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After unprecedented snowfall, Utah’s water future is uncertain

SALT LAKE CITY – The state of Utah sits at a complicated crossroads with the governor recently declaring a State of Emergency due to flooding, but researchers at Brigham Young University warn of the collapse of the ecosystem surrounding the Great Salt Lake.

Communities in Utah saw a record snowpack over the winter, with some areas racking up over 200 percent of average precipitation.

With the coming of spring, rising temperatures have caused the snow to melt at an astonishing rate causing runoff problems around the state.

Flooding, landslides and debris flows have damaged infrastructure and forced dozens of homes to be evacuated due to life-threatening conditions.

The Utah Department of Natural Resources estimated the snowpack peaked at 30 inches of water equivalent compared to just 12 inches last year.

The now-liquid water is helping lakes and reservoirs rise, but the extent of rejuvenation is still up for debate at the country’s largest saltwater lake.

Utah DNR reports the Great Salt Lake’s water elevation was at 4,191.7 ft. – a level still close to historic lows.

Experts believe the low water levels were created due to a megadrought and a dramatic increase in human usage.

The plummeting water levels triggered researchers at Brigham Young University to issue a staunch warning, alerting of the potential collapse of the Great Salt Lake’s importation ecosystem.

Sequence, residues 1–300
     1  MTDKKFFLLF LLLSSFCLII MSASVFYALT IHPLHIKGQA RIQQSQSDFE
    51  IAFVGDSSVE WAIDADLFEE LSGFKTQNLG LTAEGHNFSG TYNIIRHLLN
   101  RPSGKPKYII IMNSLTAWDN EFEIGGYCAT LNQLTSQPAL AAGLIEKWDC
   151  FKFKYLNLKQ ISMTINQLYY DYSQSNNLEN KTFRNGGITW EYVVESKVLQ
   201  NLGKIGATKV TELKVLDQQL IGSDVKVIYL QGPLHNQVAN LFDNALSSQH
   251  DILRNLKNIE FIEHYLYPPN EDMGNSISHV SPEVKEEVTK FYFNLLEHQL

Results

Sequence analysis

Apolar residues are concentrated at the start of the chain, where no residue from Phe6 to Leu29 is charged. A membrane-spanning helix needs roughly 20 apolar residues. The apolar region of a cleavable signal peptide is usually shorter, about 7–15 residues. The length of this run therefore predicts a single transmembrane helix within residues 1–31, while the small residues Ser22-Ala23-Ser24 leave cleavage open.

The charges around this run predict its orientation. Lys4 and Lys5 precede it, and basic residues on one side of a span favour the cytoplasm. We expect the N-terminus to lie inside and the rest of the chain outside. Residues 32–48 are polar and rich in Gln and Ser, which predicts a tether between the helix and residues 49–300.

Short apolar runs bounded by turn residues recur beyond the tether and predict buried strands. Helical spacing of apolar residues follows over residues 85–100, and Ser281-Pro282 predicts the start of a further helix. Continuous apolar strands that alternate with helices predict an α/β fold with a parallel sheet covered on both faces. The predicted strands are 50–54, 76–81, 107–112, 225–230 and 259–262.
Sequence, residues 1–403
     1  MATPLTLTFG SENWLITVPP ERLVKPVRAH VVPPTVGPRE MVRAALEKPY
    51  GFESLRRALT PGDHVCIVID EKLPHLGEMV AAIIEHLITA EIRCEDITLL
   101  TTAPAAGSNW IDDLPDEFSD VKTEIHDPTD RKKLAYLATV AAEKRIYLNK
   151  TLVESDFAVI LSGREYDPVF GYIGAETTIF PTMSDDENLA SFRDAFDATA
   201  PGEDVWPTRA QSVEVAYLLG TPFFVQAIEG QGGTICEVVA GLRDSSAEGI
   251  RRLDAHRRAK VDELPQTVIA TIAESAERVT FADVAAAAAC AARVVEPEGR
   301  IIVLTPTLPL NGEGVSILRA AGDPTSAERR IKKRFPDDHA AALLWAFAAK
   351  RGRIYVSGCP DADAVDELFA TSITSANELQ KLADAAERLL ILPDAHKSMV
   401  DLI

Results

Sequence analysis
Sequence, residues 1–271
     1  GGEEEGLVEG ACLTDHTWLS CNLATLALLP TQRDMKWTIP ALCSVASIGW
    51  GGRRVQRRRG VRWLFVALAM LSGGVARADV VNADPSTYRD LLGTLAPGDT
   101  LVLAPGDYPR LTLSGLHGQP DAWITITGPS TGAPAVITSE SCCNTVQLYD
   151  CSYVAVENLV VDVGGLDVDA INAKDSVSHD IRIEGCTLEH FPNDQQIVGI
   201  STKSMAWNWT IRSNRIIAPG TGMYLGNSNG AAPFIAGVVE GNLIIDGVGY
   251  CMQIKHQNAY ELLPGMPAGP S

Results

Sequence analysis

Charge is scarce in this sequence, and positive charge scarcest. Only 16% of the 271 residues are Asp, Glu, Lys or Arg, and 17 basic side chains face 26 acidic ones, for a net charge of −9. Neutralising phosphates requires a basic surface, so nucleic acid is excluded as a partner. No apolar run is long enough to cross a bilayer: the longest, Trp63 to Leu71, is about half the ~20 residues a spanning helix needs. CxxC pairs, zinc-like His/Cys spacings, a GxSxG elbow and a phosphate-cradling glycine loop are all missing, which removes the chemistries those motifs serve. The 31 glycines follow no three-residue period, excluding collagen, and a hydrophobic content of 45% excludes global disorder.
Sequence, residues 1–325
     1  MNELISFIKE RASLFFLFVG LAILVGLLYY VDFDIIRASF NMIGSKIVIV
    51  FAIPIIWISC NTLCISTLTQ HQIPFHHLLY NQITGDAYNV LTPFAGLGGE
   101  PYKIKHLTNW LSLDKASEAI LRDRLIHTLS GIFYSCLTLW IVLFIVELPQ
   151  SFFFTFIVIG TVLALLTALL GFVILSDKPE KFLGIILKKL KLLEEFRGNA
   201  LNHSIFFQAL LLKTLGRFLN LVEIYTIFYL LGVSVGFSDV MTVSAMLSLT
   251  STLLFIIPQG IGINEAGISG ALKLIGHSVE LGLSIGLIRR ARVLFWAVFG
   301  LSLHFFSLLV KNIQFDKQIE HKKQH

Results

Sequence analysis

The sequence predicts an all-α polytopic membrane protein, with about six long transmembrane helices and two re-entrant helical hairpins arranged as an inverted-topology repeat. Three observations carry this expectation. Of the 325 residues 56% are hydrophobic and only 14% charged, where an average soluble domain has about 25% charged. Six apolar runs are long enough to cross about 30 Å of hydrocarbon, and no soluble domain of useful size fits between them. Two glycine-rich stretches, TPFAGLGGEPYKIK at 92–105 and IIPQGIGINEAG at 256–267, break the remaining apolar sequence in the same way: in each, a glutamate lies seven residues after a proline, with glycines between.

Before the onslaught of rain and snow to finish the 2022-23 winter, BYU researchers reported the lake had lost 73 percent of its water and 60 percent of its surface area

The loss of the important resource could lead to the destruction of millions of animals’ habitats, the ending of important jobs and billions of dollars in economic impacts.

“We recommend setting an emergency streamflow requirement of at least 2.5 million acre-feet per year until the lake reaches its minimum healthy elevation of 4,198 feet,” BYU researchers wrote in the January report.

In addition to the rainfall’s natural recharge, experts called upon government entities to enact legislation to reduce consumption and increase water conservation.

A wet period, similar to the 1980s, would be needed to help refill the Great Salt Lake to appreciable levels, but researchers categorized the period as “uncommon.”

Source: foxweather